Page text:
And set against a soundtrack featuring music by Stevie Wonder, Justin Timberlake, Janet Jackson, José González, Janelle Monáe and Miguel it features the phenomenal talents of the young performers who body pop, hip hop, groove and breakdance their way down the yellow brick road with a pair of ruby trainers in lieu of the ruby slippers.
This year there have been a few tweaks to the choreography and a few new faces to the cast including that of Zion.
In fact a good proportion of the young cast hail from South London and say to be part of such a show is a dream come true.
"I'm properly excited and can't wait," enthuses 14-year-old Blaze Porter from Kennington who performs a variety of roles as part of the ensemble.
"I've been dancing for a long time - since I was about seven years old," he says. "I've always loved it and always wanted to perform. This is my first time at the Southbank Centre and it's going to be fantastic."
He is joined by Saskia Horton, who is also in the cast for the first time.
The 17-year-old from East Dulwich was inspired to join ZooNation after a friend recommended she audition.
"A friend who was in a dance group encouraged me - I am so glad she did because I love it," she says.
"I'm in the ensemble and play lots of different characters - from a mechanic to a munchkin!
"The story is really fresh and exciting and the way Kate has written and choreographed it is incredible."
As well as the new faces, some of the cast are back for another spin on the stage.
They include 17-year-olds Jamila Alleyne from Lewisham and Dylan Mayoral from Camberwell.
"It's a really fun show and lovely to be back," says Jamila. "I always wanted to be one of the animals in the musical Lion King so when my older sister started going to local dance schools I went too. Eventually I ended up at ZooNation and haven't looked back.
"It's different, original and refreshing and great to see a hip hop youth company do a fun happy show that can appeal to everyone.
"I think that's why people like it - it's uplifting and brings happiness. And it inspires a lot of kids."
"I did it last summer and I'm so pleased to be back," adds Dylan. "I'm in the ensemble and understudy Toto and Lion so I've have got a lot to learn," he laughs.
"This summer it's about improving what we did last time and getting the choreography a lot cleaner and stronger.
"Rehearsals have gone really well but it's hard work! Kate's been amazing though. She really believes in us and is an inspiration.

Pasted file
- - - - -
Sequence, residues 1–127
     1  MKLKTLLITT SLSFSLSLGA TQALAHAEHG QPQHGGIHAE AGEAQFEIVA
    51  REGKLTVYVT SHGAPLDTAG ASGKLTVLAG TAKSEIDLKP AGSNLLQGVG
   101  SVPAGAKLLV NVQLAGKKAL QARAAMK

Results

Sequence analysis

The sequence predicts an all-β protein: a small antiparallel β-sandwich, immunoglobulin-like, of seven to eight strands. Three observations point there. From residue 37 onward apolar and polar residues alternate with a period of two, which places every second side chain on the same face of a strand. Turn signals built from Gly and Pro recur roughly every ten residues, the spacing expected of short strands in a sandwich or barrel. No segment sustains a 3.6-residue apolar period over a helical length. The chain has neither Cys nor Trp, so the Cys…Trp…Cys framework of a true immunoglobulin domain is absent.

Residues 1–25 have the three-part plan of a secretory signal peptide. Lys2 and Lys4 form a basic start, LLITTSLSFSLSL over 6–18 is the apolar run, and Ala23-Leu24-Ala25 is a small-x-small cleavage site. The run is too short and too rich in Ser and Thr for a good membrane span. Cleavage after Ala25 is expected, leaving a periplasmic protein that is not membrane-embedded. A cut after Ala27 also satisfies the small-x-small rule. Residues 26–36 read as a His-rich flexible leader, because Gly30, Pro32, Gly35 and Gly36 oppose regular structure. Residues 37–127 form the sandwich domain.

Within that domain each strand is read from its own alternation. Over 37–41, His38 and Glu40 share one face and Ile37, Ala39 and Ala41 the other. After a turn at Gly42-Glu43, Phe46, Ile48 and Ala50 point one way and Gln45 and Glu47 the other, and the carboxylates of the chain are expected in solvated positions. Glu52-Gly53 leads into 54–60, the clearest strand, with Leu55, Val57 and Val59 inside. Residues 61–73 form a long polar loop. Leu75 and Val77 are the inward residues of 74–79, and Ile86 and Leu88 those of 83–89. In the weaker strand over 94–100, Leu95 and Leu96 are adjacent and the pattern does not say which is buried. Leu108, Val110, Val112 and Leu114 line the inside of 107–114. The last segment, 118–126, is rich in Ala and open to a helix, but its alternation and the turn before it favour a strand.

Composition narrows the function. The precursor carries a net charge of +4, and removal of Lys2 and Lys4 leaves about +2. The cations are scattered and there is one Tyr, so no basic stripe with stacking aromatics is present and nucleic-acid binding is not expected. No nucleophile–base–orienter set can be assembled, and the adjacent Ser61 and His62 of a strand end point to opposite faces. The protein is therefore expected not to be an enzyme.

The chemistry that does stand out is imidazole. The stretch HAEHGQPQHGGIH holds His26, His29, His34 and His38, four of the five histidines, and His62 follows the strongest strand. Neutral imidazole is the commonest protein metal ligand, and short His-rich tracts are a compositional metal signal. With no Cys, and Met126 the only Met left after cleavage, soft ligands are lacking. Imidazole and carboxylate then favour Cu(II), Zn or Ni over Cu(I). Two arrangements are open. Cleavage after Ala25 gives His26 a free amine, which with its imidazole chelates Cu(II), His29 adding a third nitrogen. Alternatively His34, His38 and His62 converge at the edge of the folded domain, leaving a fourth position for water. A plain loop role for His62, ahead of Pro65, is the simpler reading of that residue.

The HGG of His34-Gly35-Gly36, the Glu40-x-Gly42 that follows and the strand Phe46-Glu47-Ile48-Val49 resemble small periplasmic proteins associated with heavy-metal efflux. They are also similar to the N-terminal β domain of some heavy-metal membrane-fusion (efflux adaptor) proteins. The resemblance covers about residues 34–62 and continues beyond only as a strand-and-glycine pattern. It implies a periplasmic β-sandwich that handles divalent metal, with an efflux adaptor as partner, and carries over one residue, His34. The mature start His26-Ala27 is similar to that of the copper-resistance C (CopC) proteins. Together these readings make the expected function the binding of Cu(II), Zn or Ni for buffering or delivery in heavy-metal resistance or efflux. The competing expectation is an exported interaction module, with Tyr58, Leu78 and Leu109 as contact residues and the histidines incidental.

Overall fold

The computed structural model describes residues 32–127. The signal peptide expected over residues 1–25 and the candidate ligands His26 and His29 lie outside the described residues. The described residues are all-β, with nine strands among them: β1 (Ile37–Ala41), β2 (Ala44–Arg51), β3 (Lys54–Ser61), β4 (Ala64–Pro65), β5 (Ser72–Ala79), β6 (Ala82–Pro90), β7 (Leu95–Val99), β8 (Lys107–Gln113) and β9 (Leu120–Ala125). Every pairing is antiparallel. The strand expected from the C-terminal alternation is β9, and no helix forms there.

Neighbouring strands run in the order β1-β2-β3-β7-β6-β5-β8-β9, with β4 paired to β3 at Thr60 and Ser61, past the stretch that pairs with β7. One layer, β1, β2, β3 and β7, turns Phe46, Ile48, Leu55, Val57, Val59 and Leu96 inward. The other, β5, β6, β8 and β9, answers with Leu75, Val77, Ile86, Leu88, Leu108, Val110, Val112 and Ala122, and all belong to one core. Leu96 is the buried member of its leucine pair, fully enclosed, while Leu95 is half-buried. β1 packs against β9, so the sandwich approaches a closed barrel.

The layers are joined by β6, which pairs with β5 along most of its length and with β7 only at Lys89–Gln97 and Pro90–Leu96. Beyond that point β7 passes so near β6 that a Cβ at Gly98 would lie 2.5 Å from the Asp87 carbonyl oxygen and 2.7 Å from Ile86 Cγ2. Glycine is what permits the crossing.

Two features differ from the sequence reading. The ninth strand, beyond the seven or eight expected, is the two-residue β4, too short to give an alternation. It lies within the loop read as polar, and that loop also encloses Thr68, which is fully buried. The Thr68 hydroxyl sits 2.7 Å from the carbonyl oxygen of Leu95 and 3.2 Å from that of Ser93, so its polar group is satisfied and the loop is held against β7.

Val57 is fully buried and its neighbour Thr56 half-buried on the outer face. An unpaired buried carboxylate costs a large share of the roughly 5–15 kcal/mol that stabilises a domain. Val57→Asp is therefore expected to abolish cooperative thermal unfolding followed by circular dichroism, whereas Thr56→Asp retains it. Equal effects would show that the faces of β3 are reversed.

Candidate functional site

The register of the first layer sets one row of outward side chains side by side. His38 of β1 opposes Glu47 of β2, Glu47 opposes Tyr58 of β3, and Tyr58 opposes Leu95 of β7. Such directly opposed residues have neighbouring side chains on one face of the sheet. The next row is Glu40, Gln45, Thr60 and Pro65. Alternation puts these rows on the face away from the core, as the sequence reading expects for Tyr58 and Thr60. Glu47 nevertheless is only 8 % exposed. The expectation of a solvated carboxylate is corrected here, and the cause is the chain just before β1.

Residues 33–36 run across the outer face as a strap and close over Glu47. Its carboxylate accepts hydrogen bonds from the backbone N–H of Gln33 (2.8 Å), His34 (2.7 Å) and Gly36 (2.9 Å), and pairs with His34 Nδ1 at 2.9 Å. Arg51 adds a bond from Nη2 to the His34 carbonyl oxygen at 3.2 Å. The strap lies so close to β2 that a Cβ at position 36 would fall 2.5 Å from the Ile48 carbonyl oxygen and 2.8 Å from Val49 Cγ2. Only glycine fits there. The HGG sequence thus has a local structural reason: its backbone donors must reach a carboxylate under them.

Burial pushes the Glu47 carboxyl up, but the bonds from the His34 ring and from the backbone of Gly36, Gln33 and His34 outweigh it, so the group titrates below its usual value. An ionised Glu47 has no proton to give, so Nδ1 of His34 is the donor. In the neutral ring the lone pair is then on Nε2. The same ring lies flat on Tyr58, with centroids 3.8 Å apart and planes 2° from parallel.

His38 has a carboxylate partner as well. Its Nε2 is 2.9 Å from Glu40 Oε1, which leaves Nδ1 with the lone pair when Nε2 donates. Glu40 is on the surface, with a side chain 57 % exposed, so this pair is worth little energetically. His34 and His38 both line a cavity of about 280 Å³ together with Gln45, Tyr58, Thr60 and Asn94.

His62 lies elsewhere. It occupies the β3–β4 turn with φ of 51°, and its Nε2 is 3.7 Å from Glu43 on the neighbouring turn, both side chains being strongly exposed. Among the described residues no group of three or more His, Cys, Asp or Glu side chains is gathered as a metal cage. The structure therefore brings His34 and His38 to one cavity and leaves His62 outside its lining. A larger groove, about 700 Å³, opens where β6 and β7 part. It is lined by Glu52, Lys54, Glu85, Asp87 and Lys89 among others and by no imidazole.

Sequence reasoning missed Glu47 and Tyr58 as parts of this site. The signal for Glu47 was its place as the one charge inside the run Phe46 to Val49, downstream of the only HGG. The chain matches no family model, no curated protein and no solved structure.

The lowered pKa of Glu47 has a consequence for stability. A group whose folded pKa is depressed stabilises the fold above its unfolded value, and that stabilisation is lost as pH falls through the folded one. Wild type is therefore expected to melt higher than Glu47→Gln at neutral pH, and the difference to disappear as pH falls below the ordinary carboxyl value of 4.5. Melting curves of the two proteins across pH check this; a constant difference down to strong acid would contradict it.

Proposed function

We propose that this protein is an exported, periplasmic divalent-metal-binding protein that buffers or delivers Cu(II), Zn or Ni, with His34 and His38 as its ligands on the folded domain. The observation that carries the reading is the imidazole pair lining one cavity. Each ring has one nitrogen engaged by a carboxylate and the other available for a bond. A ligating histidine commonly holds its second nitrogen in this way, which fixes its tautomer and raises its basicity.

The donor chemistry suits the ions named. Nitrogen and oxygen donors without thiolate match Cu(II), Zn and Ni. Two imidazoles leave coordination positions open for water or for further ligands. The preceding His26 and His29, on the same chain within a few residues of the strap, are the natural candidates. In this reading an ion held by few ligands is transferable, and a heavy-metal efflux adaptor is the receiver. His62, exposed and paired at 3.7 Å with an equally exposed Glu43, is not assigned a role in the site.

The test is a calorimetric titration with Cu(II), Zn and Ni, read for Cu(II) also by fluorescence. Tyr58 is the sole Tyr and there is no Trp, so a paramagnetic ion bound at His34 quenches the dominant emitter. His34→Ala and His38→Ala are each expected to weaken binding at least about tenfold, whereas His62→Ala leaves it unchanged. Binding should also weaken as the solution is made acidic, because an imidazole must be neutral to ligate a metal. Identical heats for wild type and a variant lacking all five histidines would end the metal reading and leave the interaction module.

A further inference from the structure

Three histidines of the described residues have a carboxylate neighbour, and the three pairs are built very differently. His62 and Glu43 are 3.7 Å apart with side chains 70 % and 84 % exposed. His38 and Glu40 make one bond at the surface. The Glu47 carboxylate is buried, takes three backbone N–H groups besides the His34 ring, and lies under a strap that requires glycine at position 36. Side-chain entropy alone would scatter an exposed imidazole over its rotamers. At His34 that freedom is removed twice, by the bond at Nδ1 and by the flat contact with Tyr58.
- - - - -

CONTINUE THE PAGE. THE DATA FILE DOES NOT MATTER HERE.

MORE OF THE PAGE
"But we are all better dancers this year because we've learned a lot from last time.
"We've been able to introduce different tricks and styles into the routines so if you saw it last summer you have to see it again because it won't be the same!
"We are bringing a piece of theatre to life and it really comes across as something special and magical. It's great to showcase young people's talent and I'm so proud to be part of this and really looking forward to the next few weeks."
For Mikey Ureta there is also a personal element.
The 18-year-old from Tooting is back this year playing Tin Man whose characterisation he created himself.
"I love being Tin Man especially as I choreographed the dances myself so it's really personal for me. Kate asked me if I'd like to do it which is such an honour - she liked my ideas and she trusted me.
"As soon as we heard we were coming back we were all really happy!"
Mikey came to ZooNation after having seen its show Into The Hoods in 2008 and immediately got the dancing bug.
"It was amazing and mum put me straight into ZooNation classes," he laughs. "I've been there six years now and I have grown up with them - I was nervous to begin with but I've made so many friends. It's like family now.
"It makes me proud to be offered an opportunity to perform, and to inspire people like Zion is really special."
And as for Zion he says he's savouring the moment.
"Now I'm here it's a dream come true," he says happily.
"It's not like a typical dance show - it's about acting through dance. It's hard work but I love it because it's something that is inspirational in so many ways and really captures your imagination."

Groove On Down The Road is on at the Queen Elizabeth Hall, Southbank Centre, from Tuesday, August 5 until Tuesday, August 26.

Tickets from £11. Visit www.southbankcentre.co.uk or call the box office on 0844 847 9910.

Tuesday, 22 July 2014

Show Preview - Clouds, Southbank Centre

THE artistic universe of Belgian surrealist painter René Magritte is the inspiration for a new show which starts at the Southbank Centre tomorrow for a five-day run.
Clouds is an hour long contemporary dance show which features lots of props as well as swirling clouds, miniature horses and enchanting music.
Devised especially for younger audiences it is being brought to the stage by award-winning dance company Aracaladanza.
It is the first time the Spanish dance group has performed at the Southbank Centre and company founder Enrique Cabrera says he is very much looking forward to it.
"We are really excited about jumping onto the stage and dancing for the audience," he says cheerfully.